Is there a place of art in our lives now? Watching duplicated TV shows on television, listening to some local contemporary music and observing boring walls of surrounding buildings, my answer would be, “Not very much”. Have we stopped being creative? Addressing the question to education, I would ask, “What subjects first comes into your mind when you think of education?” – Probably, Mathematics and Languages. No one doubts that for a new globalized economy, with international distributions of goods, mathematics and languages are needed. Yet, they are not enough to raise morally and esthetically developed personalities for a society, because life is not just facts and numbers. It is filled with visual and emotional experiences that everyone endures throughout one’s life. Understanding and, more importantly, coping with them comes through moral exercises, which should be provided in school settings. Besides, the policy makers of our country want citizens to be innovative, i.e. creative. In other words, creating new methods or develop new strategies in learning and searching to generate innovative ideas for country’s further development.
How can we expect students to think creatively, if we do not provide opportunities to become creative? Not many students have been given opportunities to observe The Guarnica, for example, which does not only depicts the act of the attack, but illustrates the emotions caused by it. Any piece of music produced by harmonious collaboration of musicians can be an unforgettable emotional experience for students. It may also provoke a thoughtful discussion on how much scrutinized work it requires, provided they practice producing music together, let’s say, in a school band, instead of roaming around in gangs.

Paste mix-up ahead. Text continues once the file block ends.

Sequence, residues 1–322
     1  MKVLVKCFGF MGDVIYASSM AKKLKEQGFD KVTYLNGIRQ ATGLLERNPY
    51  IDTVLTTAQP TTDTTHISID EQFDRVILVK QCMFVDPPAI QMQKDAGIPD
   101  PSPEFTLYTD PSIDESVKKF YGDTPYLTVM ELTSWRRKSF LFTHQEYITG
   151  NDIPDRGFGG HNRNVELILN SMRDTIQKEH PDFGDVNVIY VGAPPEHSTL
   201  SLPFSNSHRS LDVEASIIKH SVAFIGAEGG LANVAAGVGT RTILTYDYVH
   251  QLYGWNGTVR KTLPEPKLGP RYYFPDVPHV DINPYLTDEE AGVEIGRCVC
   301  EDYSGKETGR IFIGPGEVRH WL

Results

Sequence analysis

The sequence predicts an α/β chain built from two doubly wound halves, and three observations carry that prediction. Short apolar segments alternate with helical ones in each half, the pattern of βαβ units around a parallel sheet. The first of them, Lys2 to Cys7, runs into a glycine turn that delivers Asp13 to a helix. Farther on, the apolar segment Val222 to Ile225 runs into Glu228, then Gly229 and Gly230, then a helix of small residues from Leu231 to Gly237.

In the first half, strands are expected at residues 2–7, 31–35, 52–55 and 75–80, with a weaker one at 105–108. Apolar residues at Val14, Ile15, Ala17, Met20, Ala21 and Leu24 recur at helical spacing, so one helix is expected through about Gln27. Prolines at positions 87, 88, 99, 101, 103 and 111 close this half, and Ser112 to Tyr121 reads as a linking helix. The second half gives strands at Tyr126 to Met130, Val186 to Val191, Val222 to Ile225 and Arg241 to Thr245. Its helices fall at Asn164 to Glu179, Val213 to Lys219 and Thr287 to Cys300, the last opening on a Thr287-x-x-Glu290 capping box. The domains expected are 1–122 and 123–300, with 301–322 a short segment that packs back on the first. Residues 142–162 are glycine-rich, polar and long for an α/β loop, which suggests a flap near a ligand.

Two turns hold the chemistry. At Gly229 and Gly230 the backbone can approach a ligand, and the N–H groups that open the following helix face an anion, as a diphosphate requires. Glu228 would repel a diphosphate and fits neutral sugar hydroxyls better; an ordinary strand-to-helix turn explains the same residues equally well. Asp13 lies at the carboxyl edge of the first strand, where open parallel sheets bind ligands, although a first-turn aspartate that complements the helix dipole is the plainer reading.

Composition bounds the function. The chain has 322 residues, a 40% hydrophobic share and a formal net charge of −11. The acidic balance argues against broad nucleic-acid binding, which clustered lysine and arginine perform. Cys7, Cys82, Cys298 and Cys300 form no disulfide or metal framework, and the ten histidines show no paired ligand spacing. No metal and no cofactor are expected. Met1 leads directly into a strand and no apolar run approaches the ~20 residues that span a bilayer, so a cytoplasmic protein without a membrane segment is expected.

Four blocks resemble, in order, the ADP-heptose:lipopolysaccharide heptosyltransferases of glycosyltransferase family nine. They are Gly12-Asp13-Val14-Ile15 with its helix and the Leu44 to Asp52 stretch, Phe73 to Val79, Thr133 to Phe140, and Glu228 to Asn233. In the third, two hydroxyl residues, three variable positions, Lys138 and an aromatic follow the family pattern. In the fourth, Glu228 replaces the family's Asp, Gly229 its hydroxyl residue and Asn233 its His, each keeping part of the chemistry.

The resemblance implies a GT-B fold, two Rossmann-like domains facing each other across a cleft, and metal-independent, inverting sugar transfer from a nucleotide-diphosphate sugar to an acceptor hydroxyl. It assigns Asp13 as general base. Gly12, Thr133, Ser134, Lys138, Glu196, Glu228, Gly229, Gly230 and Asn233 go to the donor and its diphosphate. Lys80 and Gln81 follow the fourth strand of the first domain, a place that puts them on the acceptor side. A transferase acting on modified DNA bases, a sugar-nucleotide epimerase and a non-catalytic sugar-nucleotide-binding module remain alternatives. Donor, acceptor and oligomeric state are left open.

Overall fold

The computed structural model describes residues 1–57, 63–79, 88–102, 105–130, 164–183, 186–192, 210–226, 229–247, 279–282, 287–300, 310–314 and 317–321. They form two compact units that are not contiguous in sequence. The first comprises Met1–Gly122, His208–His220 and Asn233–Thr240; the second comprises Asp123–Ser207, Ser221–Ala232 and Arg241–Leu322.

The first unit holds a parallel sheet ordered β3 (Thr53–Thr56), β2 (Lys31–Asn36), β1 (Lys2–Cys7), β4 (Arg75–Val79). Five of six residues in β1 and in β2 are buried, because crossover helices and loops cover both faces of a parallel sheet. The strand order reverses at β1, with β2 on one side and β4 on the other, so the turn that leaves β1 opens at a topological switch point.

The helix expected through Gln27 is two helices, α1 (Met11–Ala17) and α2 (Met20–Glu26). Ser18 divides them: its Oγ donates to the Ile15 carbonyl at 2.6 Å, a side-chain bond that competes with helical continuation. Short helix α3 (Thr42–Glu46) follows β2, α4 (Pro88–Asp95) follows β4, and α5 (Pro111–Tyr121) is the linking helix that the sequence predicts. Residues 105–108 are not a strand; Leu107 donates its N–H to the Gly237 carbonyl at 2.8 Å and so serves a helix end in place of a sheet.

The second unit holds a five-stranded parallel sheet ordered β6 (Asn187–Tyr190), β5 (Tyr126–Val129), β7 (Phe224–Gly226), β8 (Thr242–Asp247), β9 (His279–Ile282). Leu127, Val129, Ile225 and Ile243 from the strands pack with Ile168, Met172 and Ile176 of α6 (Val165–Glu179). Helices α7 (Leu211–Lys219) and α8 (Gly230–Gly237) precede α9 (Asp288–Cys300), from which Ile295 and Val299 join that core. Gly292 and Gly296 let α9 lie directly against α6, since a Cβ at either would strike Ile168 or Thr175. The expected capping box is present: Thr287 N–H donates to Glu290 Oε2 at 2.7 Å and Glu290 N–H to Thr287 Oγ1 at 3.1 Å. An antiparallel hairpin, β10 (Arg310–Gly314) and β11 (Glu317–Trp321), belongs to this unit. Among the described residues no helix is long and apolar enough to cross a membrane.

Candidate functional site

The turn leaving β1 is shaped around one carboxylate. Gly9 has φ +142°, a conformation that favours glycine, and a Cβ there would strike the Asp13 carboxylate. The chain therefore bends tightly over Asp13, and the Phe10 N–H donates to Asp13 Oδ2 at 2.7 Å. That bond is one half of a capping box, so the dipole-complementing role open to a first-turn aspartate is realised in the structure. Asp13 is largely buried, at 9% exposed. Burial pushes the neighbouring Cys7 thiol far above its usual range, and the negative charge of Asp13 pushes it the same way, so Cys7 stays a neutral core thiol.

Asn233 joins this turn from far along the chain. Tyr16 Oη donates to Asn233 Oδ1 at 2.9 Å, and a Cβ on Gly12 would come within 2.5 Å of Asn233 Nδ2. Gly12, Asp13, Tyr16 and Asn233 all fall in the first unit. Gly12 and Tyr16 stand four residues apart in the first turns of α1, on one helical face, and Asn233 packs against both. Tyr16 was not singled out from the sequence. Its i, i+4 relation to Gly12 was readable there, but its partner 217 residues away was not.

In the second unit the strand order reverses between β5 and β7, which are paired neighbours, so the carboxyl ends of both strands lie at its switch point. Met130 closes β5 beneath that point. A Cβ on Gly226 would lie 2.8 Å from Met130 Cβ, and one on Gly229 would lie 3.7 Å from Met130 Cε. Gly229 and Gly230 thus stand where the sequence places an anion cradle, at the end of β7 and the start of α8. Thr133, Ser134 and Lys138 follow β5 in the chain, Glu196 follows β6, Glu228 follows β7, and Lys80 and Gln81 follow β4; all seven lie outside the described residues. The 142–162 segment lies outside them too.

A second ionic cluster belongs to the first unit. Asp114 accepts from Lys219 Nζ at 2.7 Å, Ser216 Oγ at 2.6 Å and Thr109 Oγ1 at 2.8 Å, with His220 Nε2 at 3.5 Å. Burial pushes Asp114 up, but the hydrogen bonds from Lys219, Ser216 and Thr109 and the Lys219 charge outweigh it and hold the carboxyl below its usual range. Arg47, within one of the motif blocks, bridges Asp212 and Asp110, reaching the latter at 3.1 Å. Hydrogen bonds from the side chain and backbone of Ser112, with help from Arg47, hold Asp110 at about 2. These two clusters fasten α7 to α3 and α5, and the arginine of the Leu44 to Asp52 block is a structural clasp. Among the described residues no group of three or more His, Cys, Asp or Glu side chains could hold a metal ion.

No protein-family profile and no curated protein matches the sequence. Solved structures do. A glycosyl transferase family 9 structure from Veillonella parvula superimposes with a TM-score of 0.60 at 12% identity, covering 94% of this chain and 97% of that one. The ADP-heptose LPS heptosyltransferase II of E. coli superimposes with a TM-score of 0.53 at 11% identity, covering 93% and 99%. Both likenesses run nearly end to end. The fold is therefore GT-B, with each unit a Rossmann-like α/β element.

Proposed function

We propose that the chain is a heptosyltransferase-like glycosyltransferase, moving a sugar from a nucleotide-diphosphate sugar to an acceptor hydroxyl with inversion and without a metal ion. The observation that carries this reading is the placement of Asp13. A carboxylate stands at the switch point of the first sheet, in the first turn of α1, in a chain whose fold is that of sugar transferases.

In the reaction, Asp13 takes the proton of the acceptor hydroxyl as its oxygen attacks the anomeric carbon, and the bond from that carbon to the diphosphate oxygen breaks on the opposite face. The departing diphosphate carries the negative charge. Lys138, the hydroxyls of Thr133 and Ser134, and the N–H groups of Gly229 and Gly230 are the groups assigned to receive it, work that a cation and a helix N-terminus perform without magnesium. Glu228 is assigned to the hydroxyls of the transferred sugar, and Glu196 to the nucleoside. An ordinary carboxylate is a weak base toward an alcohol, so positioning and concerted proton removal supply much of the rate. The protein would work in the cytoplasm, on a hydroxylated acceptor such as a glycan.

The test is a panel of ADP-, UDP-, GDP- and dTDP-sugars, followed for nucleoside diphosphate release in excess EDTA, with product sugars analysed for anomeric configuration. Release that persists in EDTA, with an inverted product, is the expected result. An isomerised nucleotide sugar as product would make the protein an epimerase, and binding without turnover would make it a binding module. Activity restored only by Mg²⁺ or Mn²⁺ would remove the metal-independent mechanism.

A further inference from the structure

I believe any forms of art (visual art, music, drama) should be embedded in school curricular if we want to raise creative thinkers. Art education should share equal amount of hours alongside other academic subjects. Many studies have proved the role of art education in improving student achievements, moreover, they have showed the increase in the student engagement, as it allows the involvement of students who have naturally diverse intelligences and different socioeconomic background (Snyder, Klos, & Grey-Hawkins, 2014). Why, then, there is such ignorance in education towards arts and humanities, whereas the matter is of paramount importance and should be considered today, if we want more creative thinkers tomorrow!
Snyder, L., Klos, P. & Grey-Hawkins, L. (2014). Transforming teaching through arts integration. Journal for Learning through the Arts, 10 (1). Available at https://eric.ed.gov/?q=Transforming+Teaching+through+Arts+Integration&pr=on&ft=on